The start of the new year is a pivotal time in the retail sector for re-evaluating marketing and brand protection. Unfortunately, competitors often devise innovative ways to capitalize on the marketing and sales efforts of hardworking brand owners. While shady marketing tactics often give rise to legal claims, identifying these tactics can be difficult, and pursuing litigation is extremely expensive. Fortunately, brand owners can proactively safeguard themselves against competitors who seek to gain an unfair market advantage. This article will discuss the strategies competitors use to hurt leading brands, the types of legal claims a brand owner might have against a competitor seeking to gain an unfair advantage, and immediate steps you can take to safeguard your brand’s interests in advance of an attack.
How Competitors Unfairly Capitalize on the Success of Leading Brands
The e-commerce marketplace allows businesses to reach consumers worldwide around the clock, providing infinite opportunities for market expansion. At the same time, increased opportunity comes with heightened competition. Businesses must stay relevant by finding new and innovative ways to reach the attention of customers. Unfortunately, struggling competitors often try to garner consumer attention by capitalizing on the reputations of successful brands and products. These unethical marketing and sales tactics commonly give rise to legal claims, including but not limited to the following:
Trademark infringement occurs when a registered mark is reproduced or imitated without permission from the owner, leading to customer confusion in the marketplace (as defined by the Lanham Act of 1946 § 15 U.S.C. § 1114(1)(a)). Competitors who seek to gain an unfair advantage often incorporate the registered trademarks of other brands in their own e-commerce listings, product advertisements, and product descriptions by optimizing these trademarks as keywords. This marketing strategy can confuse and direct customers to purchase a competitor’s products. Brands who register trademarks receive increased protections which makes enforcement easier when your brand is under attack. Thus, companies should register trademarks so they can utilize intellectual property tools as leverage when sending takedown demands.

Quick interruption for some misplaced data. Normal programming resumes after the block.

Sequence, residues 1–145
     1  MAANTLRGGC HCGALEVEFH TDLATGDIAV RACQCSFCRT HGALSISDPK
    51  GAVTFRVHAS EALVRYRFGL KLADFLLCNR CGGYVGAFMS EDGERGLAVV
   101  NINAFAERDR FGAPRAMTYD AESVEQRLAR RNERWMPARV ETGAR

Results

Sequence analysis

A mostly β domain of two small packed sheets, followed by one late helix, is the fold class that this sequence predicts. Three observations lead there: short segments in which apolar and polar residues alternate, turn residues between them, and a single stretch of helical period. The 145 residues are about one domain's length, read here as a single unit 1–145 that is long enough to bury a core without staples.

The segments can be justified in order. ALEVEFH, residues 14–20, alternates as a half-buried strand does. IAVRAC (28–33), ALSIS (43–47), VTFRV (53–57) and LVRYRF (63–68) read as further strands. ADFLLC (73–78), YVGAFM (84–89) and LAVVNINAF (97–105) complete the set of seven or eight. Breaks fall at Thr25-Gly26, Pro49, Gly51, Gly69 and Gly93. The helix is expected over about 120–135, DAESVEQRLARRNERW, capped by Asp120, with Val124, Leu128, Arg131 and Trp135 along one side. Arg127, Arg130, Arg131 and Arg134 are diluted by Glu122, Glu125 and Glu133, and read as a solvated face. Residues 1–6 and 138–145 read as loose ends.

Defamation occurs when a person publishes false information about an individual with the intent to harm their reputation. Some states also recognize defamation against a business, known as trade libel. Defaming competitors through various means such as posting fake reviews and product comparisons is a growing trend on e-commerce platforms like Amazon, Shopify, and eBay. Additionally, competitors can pose as actual customers on social media platforms like Facebook or Reddit and provide defamatory information about a product to damage a competitor’s reputation.
Because competitors can defame leading brands by impersonating genuine customers or publishing anonymous comments, fake reviews are not always obvious. As a result, it is paramount for brand owners to engage in vigilant online monitoring.
When a brand owner identifies a suspicious review, an internet defamation and content removal attorney can help unmask the reviewer’s true identity through a John Doe lawsuit. A John Doe lawsuit is a specific type of lawsuit initiated against an unidentified person. During the course of the lawsuit, the discovery process enables attorneys to issue subpoenas to websites used by the anonymous individual. These subpoenas can lead to the revelation of the person’s identifying information, including email addresses, phone numbers, and Internet Protocol (IP) addresses, which in significantly aiding in determining the fake reviewer’s actual identity. Once the fake reviewer’s identity is uncovered, an attorney can help a brand owner secure a court order to remove the fake review.
If you suspect that a competitor is leaving fake reviews for your brand or products, it is important to act fast. E-commerce and social media platforms often keep identifying information related to users for limited periods of time. Furthermore, identifying data, like IP addresses can get stale. Lastly, if you wait too long to pursue your claims, you may lose the opportunity to file a lawsuit.